WIT Press

Retrofitting Potential Of An Existing Tourist Lodge For Improved Environmental Performance: An Investigation


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Page Range

759 - 770




3,281 kb

Paper DOI



WIT Press


S. Bardhan, B. Ghosh, S. Hazra & M. Chatterjee


Tourism industry involves a wide range of constructional activities in terms of development of infrastructure and lodging facilities in tourist destinations. Hotels, resorts, lodges etc. are known to be resource intensive, especially during their operation-cum-maintenance period. This is critical, when seen in the context of sensitive ecological belts, as is common for nature based tourism. Such a tourist lodge not only replaces a certain amount of local flora and fauna in its own site and immediate surroundings, but also continues to load the ecosystem by using substantial energy and other resources for its day to day functioning. Since these structures are 24-hour operational, the cumulative effect of this may eventually exceed the carrying capacity of the eco-system supporting it. This paper attempts to present a study that examines the possibilities of ecointervention by retrofitting one such existing tourist lodge with active and passive resource-efficient measures with an intention to find the theoretical improvement in its environmental performance. The building in question is a medium capacity tourist lodge located in the ecologically fragile coastal belt of the Indian Sundarbans overlooking Bay of Bengal in the state of West Bengal, India. The process involves mapping of the current consumption/generation pattern of the structure in terms of energy and water and compares these footprints with the post-retrofit situation of the same building. Since energy consumed by these structures depends on the conventional systems of electrical grid and the stand-by Diesel Generator, Carbon emission becomes a critical criterion in the measurement. The study also covers the indirect benefits of these retrofits on local plant species. The final results of this analytical study were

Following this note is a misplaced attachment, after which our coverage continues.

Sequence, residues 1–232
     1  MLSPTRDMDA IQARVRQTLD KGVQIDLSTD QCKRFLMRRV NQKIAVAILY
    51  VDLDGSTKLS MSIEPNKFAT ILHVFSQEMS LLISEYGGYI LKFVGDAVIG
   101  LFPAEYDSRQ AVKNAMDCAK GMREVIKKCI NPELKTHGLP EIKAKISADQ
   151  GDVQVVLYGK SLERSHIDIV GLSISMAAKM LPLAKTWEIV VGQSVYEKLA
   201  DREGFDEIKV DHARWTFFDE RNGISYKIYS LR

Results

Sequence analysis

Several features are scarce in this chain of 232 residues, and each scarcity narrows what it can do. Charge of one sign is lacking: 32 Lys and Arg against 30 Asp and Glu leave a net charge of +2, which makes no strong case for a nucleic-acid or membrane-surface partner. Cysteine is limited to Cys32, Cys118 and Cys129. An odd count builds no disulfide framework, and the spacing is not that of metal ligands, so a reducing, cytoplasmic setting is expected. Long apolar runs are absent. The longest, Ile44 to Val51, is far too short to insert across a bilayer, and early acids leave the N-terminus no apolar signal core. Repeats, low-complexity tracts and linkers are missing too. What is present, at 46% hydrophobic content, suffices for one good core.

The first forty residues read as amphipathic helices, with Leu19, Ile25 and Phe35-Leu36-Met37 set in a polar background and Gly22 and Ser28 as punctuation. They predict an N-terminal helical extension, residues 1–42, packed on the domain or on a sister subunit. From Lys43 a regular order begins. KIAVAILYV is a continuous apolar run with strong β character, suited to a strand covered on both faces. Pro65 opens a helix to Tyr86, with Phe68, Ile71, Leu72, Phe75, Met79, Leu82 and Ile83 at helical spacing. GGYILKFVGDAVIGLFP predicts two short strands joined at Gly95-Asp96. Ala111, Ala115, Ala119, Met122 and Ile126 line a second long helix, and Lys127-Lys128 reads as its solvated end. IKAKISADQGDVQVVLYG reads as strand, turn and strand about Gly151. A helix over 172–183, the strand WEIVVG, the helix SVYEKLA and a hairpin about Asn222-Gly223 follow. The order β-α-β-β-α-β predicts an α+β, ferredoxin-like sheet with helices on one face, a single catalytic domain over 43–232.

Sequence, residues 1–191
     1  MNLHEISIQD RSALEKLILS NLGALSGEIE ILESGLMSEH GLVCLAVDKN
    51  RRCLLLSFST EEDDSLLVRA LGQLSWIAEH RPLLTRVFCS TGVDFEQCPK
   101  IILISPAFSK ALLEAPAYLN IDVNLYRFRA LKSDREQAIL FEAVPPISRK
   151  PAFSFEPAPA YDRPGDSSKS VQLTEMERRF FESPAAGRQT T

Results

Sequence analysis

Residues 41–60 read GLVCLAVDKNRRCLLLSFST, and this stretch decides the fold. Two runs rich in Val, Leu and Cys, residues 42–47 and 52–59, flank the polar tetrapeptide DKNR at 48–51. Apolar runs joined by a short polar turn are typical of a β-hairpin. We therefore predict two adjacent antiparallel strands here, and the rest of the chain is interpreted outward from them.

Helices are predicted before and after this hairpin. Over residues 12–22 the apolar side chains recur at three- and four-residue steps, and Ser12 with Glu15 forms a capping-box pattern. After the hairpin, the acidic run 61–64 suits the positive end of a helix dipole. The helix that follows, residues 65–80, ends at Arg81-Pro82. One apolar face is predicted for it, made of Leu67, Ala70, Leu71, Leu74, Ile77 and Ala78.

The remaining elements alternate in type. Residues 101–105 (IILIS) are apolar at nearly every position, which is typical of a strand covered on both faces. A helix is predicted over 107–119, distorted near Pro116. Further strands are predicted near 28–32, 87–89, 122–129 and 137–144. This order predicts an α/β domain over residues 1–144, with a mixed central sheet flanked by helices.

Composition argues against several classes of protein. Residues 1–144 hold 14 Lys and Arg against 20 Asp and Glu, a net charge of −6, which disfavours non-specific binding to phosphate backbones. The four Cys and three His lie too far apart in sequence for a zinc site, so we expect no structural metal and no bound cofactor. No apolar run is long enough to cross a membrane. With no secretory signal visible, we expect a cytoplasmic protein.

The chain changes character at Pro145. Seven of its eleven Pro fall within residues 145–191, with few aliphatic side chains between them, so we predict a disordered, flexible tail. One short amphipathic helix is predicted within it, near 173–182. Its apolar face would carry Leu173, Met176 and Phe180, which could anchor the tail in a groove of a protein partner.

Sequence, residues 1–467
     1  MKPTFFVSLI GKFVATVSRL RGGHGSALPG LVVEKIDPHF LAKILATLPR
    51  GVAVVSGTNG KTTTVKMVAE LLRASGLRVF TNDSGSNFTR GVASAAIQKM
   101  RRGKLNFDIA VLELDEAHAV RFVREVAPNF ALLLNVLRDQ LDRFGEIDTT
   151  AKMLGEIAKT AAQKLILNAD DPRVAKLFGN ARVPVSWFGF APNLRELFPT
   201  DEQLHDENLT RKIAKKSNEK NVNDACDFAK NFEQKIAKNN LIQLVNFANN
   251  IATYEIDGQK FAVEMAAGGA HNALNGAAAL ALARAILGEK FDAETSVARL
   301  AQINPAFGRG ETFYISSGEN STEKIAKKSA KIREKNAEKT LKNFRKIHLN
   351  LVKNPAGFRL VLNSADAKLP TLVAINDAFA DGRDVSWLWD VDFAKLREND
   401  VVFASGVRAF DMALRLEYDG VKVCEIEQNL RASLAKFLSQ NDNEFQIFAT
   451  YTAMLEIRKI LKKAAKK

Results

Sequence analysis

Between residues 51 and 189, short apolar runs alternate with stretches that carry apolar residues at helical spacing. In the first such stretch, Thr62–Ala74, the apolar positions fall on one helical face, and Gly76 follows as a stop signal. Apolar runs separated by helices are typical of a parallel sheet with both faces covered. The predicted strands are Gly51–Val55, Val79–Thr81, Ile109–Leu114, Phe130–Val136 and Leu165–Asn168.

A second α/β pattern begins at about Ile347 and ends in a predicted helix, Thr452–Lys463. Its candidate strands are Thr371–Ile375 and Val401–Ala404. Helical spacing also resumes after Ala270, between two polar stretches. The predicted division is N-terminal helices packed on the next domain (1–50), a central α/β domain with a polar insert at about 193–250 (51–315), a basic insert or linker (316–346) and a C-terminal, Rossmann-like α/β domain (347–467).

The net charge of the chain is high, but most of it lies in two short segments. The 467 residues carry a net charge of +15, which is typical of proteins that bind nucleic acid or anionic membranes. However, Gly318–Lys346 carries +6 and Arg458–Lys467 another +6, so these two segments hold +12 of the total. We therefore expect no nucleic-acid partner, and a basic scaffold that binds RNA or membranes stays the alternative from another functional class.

natural resources, eco-compatibility, building sustainability, environmental retrofit, carbon emission